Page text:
Using their profusion of colorful blooms, azaleas (Rhododendron spp.) a favored with many home gardeners. These shrubs come in all styles and sizes, from tiny plants to big bushes. While the others shed their leaves, some are evergreen. Many can withstand cold temperatures. Bloom time — early in the spring, early summer, and summer usually groups azaleas. By planting early-blooming azaleas, welcome the introduction of warmer climate.

Coral Bells Azalea

This early-blooming azalea functions vibrant pink flowers set against green leaves that are light. Coral Bells is about the tiny side, growing to width and a height of about 4 feet. This selection grows best in partial sunlight as well as in U.S. Department of Agriculture plant-hardiness zones 6 to 9.

Alaska Azalea

This plant gets its name from its snowy-white blooms, which may appear as early as late-winter in warmer climates. The plant is a great selection for containers and grows to an average peak and width of 5 feet. It thrives in sunlight as well as in USDA zones 9 to 11.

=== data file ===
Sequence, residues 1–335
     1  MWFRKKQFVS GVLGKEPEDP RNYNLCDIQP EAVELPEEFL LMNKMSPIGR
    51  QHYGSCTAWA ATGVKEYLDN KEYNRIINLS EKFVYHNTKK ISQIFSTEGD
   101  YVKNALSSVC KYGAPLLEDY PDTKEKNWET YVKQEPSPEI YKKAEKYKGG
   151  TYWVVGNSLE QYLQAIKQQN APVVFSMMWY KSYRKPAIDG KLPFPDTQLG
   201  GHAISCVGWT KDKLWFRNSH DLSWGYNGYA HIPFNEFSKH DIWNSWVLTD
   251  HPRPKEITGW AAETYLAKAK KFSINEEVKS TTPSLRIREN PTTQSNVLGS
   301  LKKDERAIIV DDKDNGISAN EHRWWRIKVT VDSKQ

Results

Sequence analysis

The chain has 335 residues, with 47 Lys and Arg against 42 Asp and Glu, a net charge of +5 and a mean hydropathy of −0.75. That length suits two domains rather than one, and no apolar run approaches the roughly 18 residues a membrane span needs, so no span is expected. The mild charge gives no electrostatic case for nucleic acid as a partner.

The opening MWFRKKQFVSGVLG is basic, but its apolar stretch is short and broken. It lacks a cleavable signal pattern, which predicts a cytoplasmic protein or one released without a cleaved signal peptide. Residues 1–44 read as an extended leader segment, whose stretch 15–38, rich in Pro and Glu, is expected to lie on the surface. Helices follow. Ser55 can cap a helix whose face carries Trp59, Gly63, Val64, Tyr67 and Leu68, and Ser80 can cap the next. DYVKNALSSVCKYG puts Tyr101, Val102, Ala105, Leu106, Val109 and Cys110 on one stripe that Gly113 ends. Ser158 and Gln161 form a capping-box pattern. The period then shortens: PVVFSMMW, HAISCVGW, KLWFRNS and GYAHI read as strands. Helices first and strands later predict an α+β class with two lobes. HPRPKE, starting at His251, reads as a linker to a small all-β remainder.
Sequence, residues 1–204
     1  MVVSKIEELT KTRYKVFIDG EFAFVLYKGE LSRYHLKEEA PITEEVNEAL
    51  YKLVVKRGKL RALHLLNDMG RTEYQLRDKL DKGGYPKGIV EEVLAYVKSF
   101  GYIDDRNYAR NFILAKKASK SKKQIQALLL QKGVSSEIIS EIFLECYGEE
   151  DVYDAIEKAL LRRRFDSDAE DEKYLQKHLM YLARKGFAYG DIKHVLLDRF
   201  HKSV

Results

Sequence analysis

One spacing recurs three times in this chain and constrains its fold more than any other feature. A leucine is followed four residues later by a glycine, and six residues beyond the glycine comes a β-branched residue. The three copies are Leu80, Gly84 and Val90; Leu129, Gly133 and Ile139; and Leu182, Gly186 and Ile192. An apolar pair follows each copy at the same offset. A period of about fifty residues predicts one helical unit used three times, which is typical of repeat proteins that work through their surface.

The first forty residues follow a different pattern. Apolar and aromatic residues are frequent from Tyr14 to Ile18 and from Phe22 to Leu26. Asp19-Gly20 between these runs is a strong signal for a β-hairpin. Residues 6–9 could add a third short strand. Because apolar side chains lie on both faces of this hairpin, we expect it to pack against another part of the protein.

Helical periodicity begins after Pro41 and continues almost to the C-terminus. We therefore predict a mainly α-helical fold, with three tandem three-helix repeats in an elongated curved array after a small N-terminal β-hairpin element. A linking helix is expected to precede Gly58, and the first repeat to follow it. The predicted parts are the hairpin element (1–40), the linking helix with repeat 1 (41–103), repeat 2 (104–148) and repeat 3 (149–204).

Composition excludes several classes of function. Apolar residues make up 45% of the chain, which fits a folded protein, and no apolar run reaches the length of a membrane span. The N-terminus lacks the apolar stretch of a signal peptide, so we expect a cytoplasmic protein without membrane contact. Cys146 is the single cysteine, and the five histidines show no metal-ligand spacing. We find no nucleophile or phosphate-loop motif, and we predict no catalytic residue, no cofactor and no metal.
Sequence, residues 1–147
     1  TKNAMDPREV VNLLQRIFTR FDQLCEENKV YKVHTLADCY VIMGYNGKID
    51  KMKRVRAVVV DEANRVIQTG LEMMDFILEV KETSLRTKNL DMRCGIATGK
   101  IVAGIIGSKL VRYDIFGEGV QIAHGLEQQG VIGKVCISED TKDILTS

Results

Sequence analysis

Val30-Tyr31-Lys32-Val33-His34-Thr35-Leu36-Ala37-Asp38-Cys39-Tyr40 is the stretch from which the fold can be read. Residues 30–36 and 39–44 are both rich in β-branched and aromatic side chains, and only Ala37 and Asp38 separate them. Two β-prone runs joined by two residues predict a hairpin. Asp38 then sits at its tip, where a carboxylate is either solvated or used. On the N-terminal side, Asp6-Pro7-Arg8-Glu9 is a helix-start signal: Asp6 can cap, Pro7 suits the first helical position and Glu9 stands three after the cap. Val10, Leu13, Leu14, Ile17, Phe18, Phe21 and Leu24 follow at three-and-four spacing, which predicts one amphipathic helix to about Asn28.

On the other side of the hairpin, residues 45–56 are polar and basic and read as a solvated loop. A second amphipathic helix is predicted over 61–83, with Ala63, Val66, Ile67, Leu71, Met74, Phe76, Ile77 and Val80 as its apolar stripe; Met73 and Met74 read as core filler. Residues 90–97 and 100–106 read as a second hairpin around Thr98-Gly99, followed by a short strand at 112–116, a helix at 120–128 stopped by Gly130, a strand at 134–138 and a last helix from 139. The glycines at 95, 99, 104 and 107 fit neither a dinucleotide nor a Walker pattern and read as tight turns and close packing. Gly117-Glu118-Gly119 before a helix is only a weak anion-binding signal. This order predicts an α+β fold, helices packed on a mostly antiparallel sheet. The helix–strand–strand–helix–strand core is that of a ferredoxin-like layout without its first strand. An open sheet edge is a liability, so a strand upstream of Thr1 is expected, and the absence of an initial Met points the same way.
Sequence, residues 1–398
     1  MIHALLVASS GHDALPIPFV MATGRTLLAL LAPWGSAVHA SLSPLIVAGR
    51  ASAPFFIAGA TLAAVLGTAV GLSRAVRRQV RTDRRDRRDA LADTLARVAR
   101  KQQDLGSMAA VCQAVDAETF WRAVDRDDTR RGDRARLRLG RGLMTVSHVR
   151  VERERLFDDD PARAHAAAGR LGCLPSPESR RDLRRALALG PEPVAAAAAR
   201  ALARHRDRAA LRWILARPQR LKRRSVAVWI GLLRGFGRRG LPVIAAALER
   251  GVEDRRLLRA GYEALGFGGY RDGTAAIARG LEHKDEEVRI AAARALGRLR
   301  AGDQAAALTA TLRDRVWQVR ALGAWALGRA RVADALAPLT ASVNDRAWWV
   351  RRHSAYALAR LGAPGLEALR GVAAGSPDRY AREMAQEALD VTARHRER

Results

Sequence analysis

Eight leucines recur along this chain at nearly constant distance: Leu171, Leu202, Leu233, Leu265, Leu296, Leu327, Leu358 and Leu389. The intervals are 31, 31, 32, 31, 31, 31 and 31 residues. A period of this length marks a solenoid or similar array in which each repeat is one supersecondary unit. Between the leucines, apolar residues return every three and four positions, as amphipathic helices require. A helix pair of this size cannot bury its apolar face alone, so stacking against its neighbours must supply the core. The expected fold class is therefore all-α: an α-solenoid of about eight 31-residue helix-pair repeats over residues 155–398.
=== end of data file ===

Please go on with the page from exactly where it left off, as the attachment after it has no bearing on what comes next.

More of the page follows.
Autumn Moon Azalea

This dwarf selection characteristics white, pink and delicate flowers and tiny leaves. A slow-growing plant, it reaches width and a height of approximately 3-feet, making it an outstanding option for containers or for city gardeners. Autumn Moon grows best in full to partial sunlight as well as in USDA zones 7 to 9.

Cheerful Large Azalea

This selection is a great selection for home gardeners who like shrubs that are yellow however don’t stay in cool places that are enough to develop forsythias. Just like forsythias, Cheerful Giant characteristics huge clusters for bright-yellow, spring- flowers. It thrives best in USDA zones 5 to 9 and will grow to 6 feet tall and 4 feet wide in partial to full sunlight.

Girard’s Hot Shot Azalea

Hybrids are famous because of their blooming, which variety is not any exception. Hot Shot functions masses of flowers that bloom in the spring, since the the plant using a carpet of scarlet. An additional bonus is the orange fall foliage of the shrub. A grower, it’s going to reach an average height of 3 feet, with the average width of 4 toes. This plant grows best-in filtered sunlight as well as in USDA zones 6 to 9.